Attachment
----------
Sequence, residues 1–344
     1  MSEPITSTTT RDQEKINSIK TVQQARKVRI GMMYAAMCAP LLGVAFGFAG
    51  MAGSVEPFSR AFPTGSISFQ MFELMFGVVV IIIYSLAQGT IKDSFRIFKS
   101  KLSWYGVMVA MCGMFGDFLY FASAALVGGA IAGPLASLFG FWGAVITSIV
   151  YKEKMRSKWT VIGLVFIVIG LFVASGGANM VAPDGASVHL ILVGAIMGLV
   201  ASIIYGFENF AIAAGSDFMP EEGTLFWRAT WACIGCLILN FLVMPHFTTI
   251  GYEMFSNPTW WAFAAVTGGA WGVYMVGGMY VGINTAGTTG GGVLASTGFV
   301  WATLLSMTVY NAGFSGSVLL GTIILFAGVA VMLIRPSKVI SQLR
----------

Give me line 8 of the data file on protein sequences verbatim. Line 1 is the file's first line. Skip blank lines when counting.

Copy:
   301  WATLLSMTVY NAGFSGSVLL GTIILFAGVA VMLIRPSKVI SQLR